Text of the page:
Dismissing a writ petition, the High Court of Punjab & Haryana held that a candidate, who applied for the National Eligibility cum Entrance Test (NEET) 2019 examination from particular State, can seek admission in the State quota of any other State.
The State Government of Punjab had in its notifications of year 2017 and 2018 mentioned the inclusion of 'institutional reservation' from academic year 2019-20, for admission to MBBS/BDS courses in medical and dental institutions in the State of Punjab. Introduction of institutional quota implied reservation for only those candidates who had pursued secondary and senior secondary studies from the state itself. However, the said reservation was obliterated in the notification for the year 2019. Consequently, the students could only claim residential quota and students who had studied from schools outside the state of Punjab but were residents of the sate were eligible to claim reservation. Aggrieved by the same, the petitioner filed a writ in the nature of mandamus and argued on four broad contentions:
Firstly, the exclusion of institutional quota subjected the students of Punjab to unwarranted excessive competition.
Secondly, the state had earlier mentioned the inclusion of institutional quota and unnotified exclusion of the same attracted the doctrine of legitimate expectation.
Thirdly, it was contended that since the notification was issued after the declaration of results of NEET, the same amounted to change in rules of the game after the game has begun.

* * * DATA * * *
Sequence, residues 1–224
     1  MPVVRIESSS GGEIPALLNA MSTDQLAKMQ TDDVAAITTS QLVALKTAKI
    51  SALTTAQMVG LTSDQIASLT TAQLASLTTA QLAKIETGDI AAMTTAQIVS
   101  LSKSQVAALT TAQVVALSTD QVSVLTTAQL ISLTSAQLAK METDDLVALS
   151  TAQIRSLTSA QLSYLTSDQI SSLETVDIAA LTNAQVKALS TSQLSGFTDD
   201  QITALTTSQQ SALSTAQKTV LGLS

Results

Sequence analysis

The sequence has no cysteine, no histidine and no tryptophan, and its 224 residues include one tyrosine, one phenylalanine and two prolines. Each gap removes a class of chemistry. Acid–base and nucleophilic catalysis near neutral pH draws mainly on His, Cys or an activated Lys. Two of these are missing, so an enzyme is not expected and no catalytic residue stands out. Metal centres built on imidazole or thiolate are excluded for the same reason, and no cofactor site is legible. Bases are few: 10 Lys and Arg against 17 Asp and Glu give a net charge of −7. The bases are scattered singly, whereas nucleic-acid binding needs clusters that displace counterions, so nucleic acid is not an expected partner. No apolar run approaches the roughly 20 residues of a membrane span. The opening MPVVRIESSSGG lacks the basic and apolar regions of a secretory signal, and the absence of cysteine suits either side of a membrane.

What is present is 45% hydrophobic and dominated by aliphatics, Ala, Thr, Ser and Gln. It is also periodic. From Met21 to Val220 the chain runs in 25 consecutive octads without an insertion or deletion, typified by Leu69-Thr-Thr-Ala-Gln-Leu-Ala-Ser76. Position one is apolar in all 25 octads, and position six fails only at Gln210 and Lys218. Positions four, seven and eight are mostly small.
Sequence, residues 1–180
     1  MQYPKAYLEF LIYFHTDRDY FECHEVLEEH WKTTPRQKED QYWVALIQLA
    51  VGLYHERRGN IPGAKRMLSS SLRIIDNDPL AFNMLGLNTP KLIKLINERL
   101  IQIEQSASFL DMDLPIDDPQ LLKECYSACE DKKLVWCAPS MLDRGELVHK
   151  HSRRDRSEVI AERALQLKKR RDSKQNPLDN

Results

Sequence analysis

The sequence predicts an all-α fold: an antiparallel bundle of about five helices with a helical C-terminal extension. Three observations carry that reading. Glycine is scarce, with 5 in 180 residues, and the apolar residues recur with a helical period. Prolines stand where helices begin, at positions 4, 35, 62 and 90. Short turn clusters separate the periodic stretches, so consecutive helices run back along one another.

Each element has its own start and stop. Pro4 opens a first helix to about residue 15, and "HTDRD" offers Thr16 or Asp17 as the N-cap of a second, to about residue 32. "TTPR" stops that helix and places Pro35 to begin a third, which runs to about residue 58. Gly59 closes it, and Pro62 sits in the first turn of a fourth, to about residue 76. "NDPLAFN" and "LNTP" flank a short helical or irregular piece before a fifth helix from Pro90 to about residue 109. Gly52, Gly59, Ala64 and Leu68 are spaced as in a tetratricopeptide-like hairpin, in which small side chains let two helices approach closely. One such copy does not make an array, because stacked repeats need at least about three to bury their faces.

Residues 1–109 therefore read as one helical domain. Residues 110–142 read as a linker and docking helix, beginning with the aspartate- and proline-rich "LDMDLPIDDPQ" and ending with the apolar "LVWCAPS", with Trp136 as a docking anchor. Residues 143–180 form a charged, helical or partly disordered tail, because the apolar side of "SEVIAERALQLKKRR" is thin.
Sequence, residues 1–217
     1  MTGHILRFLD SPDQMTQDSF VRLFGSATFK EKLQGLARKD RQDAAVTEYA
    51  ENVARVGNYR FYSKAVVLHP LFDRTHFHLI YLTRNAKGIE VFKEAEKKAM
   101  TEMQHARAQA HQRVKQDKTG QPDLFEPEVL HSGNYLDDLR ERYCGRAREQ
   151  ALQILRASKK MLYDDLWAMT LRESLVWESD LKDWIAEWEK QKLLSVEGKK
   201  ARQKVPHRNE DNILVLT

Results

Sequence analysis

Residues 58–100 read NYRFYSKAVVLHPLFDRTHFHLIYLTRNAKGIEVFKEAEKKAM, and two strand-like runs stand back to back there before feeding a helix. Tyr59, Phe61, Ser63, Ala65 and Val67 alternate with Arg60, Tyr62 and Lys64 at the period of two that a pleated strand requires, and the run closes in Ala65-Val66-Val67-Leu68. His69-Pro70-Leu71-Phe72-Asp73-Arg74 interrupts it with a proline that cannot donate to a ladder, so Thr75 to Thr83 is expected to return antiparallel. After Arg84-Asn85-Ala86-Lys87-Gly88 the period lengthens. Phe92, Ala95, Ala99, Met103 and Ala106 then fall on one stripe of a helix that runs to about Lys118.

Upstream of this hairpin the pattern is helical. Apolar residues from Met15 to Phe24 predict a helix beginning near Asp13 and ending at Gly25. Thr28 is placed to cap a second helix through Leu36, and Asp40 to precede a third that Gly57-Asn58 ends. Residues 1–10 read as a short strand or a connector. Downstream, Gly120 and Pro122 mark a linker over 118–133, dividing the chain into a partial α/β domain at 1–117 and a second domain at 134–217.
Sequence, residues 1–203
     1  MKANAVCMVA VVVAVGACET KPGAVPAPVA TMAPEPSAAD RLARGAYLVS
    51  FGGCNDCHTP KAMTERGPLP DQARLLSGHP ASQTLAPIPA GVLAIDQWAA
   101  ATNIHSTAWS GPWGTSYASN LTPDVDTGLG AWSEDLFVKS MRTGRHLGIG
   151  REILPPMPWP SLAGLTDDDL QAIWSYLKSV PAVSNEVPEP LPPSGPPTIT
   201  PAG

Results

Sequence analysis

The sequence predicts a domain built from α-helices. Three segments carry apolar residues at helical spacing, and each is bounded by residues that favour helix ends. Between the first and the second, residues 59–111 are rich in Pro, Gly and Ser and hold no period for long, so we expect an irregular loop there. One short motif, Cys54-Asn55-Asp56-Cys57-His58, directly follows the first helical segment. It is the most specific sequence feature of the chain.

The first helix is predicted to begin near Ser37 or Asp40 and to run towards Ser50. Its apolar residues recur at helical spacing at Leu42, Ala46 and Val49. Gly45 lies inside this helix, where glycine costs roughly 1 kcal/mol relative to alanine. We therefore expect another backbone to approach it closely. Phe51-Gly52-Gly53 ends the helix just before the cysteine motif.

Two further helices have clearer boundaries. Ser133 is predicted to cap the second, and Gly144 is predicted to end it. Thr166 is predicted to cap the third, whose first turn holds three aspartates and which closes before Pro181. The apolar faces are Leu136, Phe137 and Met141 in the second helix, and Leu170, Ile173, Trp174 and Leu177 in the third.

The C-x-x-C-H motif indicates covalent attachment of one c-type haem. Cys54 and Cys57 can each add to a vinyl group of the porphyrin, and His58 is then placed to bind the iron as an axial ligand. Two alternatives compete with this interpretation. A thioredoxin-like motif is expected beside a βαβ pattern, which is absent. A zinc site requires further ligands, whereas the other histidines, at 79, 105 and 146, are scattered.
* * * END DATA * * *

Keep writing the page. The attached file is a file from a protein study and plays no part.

And lastly, it was submitted that a student who applied for the NEET 2019 examination from a particular State could not be permitted to seek admission in State quota seats in any other State.
The bench comprising Justice Daya Chaudhary and Justice Sudhir Mittal objectively dealt with each of the aforesaid contentions and held that the scheme of our Constitution is equality and its scope has been expanded by prescribing reservations. It is apparent from a plethora of precedents (Dr. Pradeep Jain v. Union of India, 1984 (3) SCC 654) that institutional reservation is permissible. However, whether such course of reservation is to be adopted or not, is within the domain of the State Government. The court cannot issue mandamus directing a state to provide the same. In fact, in post graduate medical courses, no such preference is provided.
Relying on the verdict in Nupur (minor) & Ors. v. Panjab University, Chandigarh, 1996 (1) RSJ, 576, the court held that an authority cannot be divested of its statutory power of policy making by the principle of legitimate expectation. Change of policy cannot be barred by invoking the doctrine as larger public interest is involved. Such principles are applicable to the commercial field.
The court also observed that the state cannot be indicted to have changed the game rules after the commencement of the game. The NEET exam was conducted and its results were declared by CBSE, a centralized agency for conducting national tests. Issuance of the notification for exam or the declaration of results did not commence admission process in the State of Punjab. Rather, admission commenced with the impugned notification.
Finally, it was held that nothing in the NEET 2019 information bulletin restricted a student of a particular State from seeking admission in the State quota of any other State. Further, no basis, in the form of precedents, was provided by the Petitioner in support of the said contention. Therefore, a candidate who applied for the NEET 2019 examination from one state is permitted to seek admission in the State quota of any other State.
Arguments for the Petitioner were advanced by Mr. I.P.S Kohli and for the Respondents by Sr. Advocate, Mr. Anupam Gupta.
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